Today’s post is written by Mike Giancola, a close friend and one of the finest leaders I know. He exlemplifies caring, compassion and commitment. And he doesn’t just talk about service above self. He lives it. I encourage each of you to help him in any way possible. In his words, it is when we give the most that we receive the most.
I first traveled to the Dominican Republic in 2000 with my students from NC State University as part of a Habitat for Humanity service-learning trip. During that trip, I met one of the Habitat beneficiary families including Lourdes Yanet Angeles Gomez and her four daughters: Francisca, Prenda, Yanela and Franyelis – ranging from 9 years to 11 months old. Their house is a very modest cinderblock structure about 300 sq ft – a vast improvement over the approximate 100 sq ft wood and tin shack they lived in before.
During the week when we weren’t on the worksite, we spent time teaching the girls how to speak English and they taught me how to speak Spanish. It wasn’t all work – we laughed a lot and I taught them how to juggle with rocks. Amazing how much you can communicate with another person even if you don’t (really) speak the same language. I still remember sitting on their front porch holding Franyelis when a man on a motorcycle pulled up to the house, introduced himself as the girls’ father and told me, “My casa es tu casa” He went inside to grab his lunch and then proceeded to leave on his motorcycle as I was still sitting on the porch holding his daughter.
I have been fortunate to visit them several times over the years as part of service-learning trips, including a visit in 2007 in which my mom joined me. Each time, we picked up where we left off since our last visit or letter. Lots of laughs (mostly over our miscommunications caused by the language barrier) but also discussions about family, faith and food. It warms my heart to see the girls doing well in school over the years and growing up to be wonderful young women.
Amazing how Facebook has further connected the world and over the past 2 years I have been able to stay in closer contact with Francisca. She has completed her college degree (no small accomplishment given the lack of resources and opportunities). She is now a special education teacher. During my most recent visit, she was beaming as she told me about her work…I didn’t miss the opportunity to tell her, “La profesora es muy inteligente!” She shared that I was her inspiration for becoming a teacher – very humbling given the relative short (but meaningful) amounts of time we have spent together over the years.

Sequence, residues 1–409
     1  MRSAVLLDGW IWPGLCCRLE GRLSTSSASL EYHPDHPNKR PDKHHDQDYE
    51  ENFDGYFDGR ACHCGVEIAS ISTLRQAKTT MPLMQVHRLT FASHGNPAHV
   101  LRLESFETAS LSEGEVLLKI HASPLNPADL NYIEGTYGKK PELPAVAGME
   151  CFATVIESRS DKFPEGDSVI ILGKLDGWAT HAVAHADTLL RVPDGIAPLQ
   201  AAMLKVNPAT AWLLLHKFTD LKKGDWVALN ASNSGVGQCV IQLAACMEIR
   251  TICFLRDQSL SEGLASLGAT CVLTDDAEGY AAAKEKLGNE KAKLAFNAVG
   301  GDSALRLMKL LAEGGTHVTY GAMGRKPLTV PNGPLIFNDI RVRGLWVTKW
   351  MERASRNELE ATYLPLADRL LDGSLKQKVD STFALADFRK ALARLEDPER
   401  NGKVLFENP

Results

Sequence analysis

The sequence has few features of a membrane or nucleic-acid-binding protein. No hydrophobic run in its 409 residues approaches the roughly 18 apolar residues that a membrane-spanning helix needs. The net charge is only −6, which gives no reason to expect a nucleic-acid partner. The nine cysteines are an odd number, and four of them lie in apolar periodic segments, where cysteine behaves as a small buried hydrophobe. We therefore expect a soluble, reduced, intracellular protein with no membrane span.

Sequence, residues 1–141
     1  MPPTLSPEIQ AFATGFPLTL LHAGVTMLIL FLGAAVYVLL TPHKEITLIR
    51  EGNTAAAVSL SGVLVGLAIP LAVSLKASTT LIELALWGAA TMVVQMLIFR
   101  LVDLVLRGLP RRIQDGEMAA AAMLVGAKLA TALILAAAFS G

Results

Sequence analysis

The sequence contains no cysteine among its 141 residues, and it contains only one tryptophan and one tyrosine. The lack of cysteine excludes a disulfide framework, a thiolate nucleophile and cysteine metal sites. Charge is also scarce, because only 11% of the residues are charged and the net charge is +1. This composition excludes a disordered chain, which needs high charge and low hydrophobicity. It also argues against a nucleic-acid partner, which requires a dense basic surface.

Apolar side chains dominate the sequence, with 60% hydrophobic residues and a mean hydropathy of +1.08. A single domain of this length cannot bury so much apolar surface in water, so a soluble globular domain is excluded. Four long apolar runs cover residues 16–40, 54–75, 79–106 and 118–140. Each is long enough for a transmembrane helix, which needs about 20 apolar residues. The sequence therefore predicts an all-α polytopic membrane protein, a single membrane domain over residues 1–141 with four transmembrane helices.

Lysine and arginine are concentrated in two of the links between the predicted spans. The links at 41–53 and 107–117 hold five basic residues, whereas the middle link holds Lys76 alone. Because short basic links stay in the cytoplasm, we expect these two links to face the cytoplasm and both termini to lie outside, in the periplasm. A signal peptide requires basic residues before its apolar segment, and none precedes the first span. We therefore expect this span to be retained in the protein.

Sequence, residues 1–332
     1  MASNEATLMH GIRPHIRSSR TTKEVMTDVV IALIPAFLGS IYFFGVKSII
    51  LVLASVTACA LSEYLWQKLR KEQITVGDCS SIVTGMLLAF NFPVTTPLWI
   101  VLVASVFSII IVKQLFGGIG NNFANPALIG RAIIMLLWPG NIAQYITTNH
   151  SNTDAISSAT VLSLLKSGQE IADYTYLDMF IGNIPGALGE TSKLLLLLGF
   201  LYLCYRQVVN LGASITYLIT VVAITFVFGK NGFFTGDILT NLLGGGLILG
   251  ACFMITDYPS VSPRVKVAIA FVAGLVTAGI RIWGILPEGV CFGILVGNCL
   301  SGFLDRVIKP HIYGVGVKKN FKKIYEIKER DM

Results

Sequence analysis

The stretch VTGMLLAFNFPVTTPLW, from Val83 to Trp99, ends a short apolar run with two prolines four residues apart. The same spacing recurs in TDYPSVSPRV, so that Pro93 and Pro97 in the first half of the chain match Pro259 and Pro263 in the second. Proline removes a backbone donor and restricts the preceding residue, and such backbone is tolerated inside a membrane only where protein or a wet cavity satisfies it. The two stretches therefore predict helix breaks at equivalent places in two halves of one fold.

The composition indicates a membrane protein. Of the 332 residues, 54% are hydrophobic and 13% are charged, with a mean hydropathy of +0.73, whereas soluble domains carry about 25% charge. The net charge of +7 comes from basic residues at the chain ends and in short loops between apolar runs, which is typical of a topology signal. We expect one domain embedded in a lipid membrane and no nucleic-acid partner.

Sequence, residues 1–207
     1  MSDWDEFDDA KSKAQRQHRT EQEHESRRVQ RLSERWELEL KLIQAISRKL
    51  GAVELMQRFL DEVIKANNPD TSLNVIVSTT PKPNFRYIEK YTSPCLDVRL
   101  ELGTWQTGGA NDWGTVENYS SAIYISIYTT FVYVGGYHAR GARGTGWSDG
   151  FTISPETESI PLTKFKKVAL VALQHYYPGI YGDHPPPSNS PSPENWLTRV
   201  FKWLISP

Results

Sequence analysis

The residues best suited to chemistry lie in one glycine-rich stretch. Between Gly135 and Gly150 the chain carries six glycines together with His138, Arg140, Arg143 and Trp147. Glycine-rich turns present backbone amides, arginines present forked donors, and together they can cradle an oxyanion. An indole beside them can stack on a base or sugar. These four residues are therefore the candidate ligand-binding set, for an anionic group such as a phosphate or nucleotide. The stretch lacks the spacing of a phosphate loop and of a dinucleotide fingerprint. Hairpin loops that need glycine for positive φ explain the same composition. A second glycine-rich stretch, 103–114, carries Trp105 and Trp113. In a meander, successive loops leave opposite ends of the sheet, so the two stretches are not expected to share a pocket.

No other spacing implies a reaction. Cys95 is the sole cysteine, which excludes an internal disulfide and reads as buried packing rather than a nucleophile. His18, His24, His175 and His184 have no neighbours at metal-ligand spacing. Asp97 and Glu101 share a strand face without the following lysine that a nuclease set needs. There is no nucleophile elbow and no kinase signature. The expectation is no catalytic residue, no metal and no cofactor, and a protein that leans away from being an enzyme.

About a month ago, Francisca informed me that her mother, now 40, has been diagnosed with a tumor in her throat, most likely cancer. During our next few chats, she expressed her faith in God but also worried that her mom would not be able to afford the life saving surgery she needs. In the Dominican Republic if you can’t afford to pay for surgery, your options are to delay the surgery until you can or as several people told us, “you die”. This reality was hard to accept given the life saving procedure I had two years ago after my heart attack…while we are still paying the hospital bill and will be for several years to come, I never for a minute had to think about not having the procedure due to the cost. (Ok, so I didn’t have a lot of time to think about it, but you get the point).
Over the past 4 months, my mom and mother-in-law both have had life saving surgeries. As they both are continuing to recover, we are very appreciative of the outstanding care they have received and are thankful to have health insurance that covered most of the cost. I cannot accept that any of our lives are more important just because we were born with a zip code that has access to quality medical care or live in a country where there is a system of health insurance. We are no more worthy of receiving health care than any other human being (This is not intended to be a political statement…just a statement of belief)